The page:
The Listener has done some investigation into our new Race Relations Commissioner’s past and it is far uglier than any of us expected.
From her own autobiography, Susan explains that the only reason why she didn’t play apartheid South Africa was because it might hurt her reputation and damage her future earnings…
Many girls would head to the sunshine circuit in South Africa where tournament organisers were renowned for their hospitality and good times.
It could well have been called the goldmine circuit. There, in my early days anyhow, the biggest sums of money were to be made. It is one place, however, that I never visited. I couldn’t afford to, politically speaking of course. The squash association didn’t want me to go, because they had no idea what the repercussions would be. HART (Halt All Racist Tours) was very active in New Zealand in those days, and the anti-apartheid feeling so strong that any attempt to play there would have become a big issue. We knew I’d be blacklisted and the media coverage could damage my reputation in this country.
As an individual, I would have been singled out. It would have been remembered and there was the chance my sponsors may have pulled out to avoid adverse publicity as well. Furthermore, my Sports Foundation grant was given with the unwritten understanding that, if at all possible, I would avoid sporting contact with South Africa. The offers were incredibly attractive, however, and it took some strength to hang back, watching, while others went over and took advantage of the situation.
There was talk of being able to make upwards of $100,000 for a six to eight week trip. In those days that was big money, especially since it was also all-expenses-paid and absolutely the best of everything while you were there. Each year [husband] John and I would sit down and write out the pros and cons, trying to decide whether or not I should go. The cons always came out on top. As threatened by the United Nations, the girls who did go to South Africa would be put on a blacklist. It was seen as a bit of a joke, however, because all they had to do was write a letter saying they would never do it again – then they’d go back the next year. The English girls never had any trouble, the Aussies didn’t seem to worry, but as a Kiwi, and number one, it would have been seen as more significant had I played there.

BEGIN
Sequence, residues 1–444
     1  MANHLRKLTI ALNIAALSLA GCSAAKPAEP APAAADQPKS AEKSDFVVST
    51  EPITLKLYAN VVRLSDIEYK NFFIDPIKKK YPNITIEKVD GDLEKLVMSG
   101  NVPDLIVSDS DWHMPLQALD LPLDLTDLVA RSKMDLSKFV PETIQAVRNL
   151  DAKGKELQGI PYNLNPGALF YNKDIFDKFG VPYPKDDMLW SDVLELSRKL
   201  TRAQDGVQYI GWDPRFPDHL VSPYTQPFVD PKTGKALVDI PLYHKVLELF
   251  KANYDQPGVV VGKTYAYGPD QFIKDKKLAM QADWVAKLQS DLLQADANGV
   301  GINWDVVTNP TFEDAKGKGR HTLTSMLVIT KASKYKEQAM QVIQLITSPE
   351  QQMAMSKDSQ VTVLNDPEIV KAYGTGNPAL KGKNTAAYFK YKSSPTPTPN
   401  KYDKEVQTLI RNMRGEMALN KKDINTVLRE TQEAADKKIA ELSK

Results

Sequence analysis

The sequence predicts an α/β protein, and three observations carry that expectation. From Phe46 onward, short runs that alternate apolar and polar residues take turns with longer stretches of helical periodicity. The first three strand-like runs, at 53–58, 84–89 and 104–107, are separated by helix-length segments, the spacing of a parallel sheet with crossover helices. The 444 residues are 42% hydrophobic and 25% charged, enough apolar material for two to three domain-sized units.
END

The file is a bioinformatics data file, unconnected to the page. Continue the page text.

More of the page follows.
It would be easy to say it was political convictions that stopped me, but that just isn’t true. I do not condone apartheid, but I don’t think boycotting sporting contacts helped the situation over there. If it was going to help, I could have seen the justification in it. As it was, people simply found ways of getting around the ban.
The girls always came back with such wonderful tales of the cities they visited – Johannesburg, Capetown, Pretoria and Durban. It was considered quite a challenge to play there, because of the altitude. It is a country I would really love to have visited and I felt we sportspeople were the scapegoats.
…while the Government are scrambling to explain how they allowed John Key to appoint his mate to the Director of the GCSB, perhaps we could also ask how on earth Judith Collins appointed a squash player for Race Relations Commissioner whose only reason not to play apartheid South Africa was fear of financial repercussions.
If you thought Devoy was an inappropriate choice before, knowing her political convictions for racial equality were outweighed by her desire to make money demands she do the honorable thing and resign.
NZs race relations deserve better than this.